Harry Griffin and Chamier, JJ.
1. This was a suit upon a mortgage for Rs. 99 made in December, 1884. The claim was decreed by the first court, but was dismissed by the District Judge on appeal on the ground that the mortgage deed had not been proved as required by Section 68 of the Evidence Act.
2. The only witness called to prove the execution of the deed was Ghulam Jilani, the man who wrote out the deed. He deposed that the deed was executed in his presence. The question is whether he was an attesting witness within the meaning of Section 68 of the Evidence Act. He signed his name on the deed in the usual way, but he did so for the purpose of showing that it had been written out by him, not for the purpose of showing that he was an attesting witness. In fact there can be no doubt that he wrote his name on the deed before the deed was signed by the executant. The appellants rely upon the decision of Burkitt J. in Radha Kishen v. Fateh Ali Khan (1888) I.L.R., 2O. A11., 532 in which it seems to have been held that Section 68 had been complied with where the plaintiff had called 'scribe of the deed, who, though not an attesting witness, had affixed his name to the deed and who swore that the deed had been executed in his presence'. That decision was cited with approval by HARINGTON J. in Raj Narain Ghosh v. Abdur Rahim (1901) 5 C.W.N., 454. BURKITT J. professed to follow the decision of BANERJI and AIKMAN J.J. in Muhammad Ali v. Jafar Khan Weekly Notes, 1897, p. 146. We do not think that those learned judges intended to hold in that case that a man should be regarded as an attesting witness merely because he had written out the deed and signed his name on it and sworn that the deed was executed in his presence. We think that they intended to hold only that if the writer of a deed signed it with a view to testifying to the fact of the execution he would be an attesting witness although he was not so described on the face of the deed. Unless the report of the case of Radha Kishen v. Fateh Ali Khan is misleading, we think that Burkitt J. must have misinterpreted the decision of Banerji and Aikman JJ.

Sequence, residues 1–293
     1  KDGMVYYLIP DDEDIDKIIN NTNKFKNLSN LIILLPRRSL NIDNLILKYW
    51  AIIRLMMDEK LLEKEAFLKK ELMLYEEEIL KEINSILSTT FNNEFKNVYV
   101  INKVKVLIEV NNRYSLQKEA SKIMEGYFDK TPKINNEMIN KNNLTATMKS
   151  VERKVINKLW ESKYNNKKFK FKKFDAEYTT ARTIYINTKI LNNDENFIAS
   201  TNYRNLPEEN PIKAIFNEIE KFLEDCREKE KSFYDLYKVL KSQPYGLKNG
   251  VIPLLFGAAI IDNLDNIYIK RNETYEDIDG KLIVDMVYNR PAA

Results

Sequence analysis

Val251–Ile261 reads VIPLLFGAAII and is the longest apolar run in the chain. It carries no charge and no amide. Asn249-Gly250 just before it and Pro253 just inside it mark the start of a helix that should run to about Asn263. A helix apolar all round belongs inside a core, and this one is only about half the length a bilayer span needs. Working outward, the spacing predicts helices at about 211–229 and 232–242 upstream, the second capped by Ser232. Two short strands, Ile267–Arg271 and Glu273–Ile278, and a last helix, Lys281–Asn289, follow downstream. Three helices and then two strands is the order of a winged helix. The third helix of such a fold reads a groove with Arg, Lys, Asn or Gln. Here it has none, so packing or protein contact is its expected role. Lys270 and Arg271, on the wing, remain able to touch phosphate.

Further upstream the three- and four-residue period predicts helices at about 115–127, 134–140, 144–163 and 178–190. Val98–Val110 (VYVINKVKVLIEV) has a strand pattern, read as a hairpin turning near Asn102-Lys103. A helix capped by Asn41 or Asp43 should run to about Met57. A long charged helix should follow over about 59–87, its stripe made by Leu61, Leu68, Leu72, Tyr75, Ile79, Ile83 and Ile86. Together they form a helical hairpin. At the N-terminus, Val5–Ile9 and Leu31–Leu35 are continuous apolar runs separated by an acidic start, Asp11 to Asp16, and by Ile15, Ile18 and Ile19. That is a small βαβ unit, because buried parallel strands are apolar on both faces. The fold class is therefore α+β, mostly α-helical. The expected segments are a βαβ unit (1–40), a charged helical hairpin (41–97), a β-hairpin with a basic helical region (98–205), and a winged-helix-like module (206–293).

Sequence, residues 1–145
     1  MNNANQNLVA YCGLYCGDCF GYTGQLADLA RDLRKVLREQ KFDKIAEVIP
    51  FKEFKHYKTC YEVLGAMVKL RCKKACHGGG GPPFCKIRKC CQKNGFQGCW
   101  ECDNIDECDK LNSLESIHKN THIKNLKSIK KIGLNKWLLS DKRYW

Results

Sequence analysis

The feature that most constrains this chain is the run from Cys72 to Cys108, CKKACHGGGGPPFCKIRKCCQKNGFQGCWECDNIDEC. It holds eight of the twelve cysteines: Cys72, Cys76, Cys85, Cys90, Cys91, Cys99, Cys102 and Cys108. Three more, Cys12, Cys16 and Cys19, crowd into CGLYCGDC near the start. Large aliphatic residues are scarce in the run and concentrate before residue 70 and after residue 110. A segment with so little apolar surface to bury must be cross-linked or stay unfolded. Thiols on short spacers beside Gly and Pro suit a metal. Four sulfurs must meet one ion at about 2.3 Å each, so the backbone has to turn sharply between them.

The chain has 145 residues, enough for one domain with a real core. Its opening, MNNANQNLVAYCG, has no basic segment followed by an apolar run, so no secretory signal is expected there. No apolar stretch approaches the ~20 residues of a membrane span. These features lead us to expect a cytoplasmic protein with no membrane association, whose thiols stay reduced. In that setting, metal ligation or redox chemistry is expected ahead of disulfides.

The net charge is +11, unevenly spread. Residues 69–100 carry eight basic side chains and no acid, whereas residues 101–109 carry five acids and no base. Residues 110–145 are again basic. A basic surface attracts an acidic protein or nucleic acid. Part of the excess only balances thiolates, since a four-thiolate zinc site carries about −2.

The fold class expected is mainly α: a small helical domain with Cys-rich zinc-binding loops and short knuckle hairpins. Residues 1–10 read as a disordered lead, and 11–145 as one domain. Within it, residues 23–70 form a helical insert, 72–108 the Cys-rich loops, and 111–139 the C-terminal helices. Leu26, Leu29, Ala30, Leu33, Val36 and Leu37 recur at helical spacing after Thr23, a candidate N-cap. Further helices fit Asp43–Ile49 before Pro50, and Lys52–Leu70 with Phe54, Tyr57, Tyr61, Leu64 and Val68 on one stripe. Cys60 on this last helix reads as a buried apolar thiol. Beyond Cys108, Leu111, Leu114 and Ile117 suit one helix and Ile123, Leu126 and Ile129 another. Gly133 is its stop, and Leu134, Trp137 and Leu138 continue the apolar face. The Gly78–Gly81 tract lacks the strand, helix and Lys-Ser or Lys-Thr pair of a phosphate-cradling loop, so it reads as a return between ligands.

3. In Ranu v. Laxmanrao (1908) I.L.R., 33 Bom., 41 it was held, following Burdett v. Spilsbury (1843) 10 C. and F., 340, that an attesting witness was a witness who had seen the deed executed and who had signed it as a witness. In the recent case of Shamu Patter v. Abdul Kadir Ravuthan (1912) I.L.R., 35 Mad., 607 their Lordships of the Privy Council quoted the decision in Burdett v. Spilsbury with approval, and in particular approved of the statement of the Lord Chancellor that 'the party who sees the will executed is in fact a witness to it and if he subscribes as a witness he is then an attesting witness'. They held that the word 'attested' in Section 59 of the Transfer of Property Act was used in that sense. It is evident that the word 'attesting' in Section 68 of the Evidence Act is used in the same sense. Ghulam Jilani may have witnessed the execution of the deed now in suit, but he did not sign the deed as a witness. We must therefore hold that he is not an attesting witness and the production of his evidence was not a compliance with Section 60 of the Evidence Act. We think, however, that the case should go back to the lower appellate court in order that the plaintiffs may have an opportunity of producing further evidence. Ghulam Jilani stated that one of the attesting witnesses was still alive. The decision of BURKITT J. justified the plaintiffs in supposing that they had complied with law. There is before us an affidavit that the plaintiffs asked the District Judge to give them an opportunity of producing other evidence. We allow the appeal, set aside the decision of the lower appellate court and remand the case to that court in order that it may be disposed of according to law with reference to the above remarks. Costs in this Court to be costs in the cause.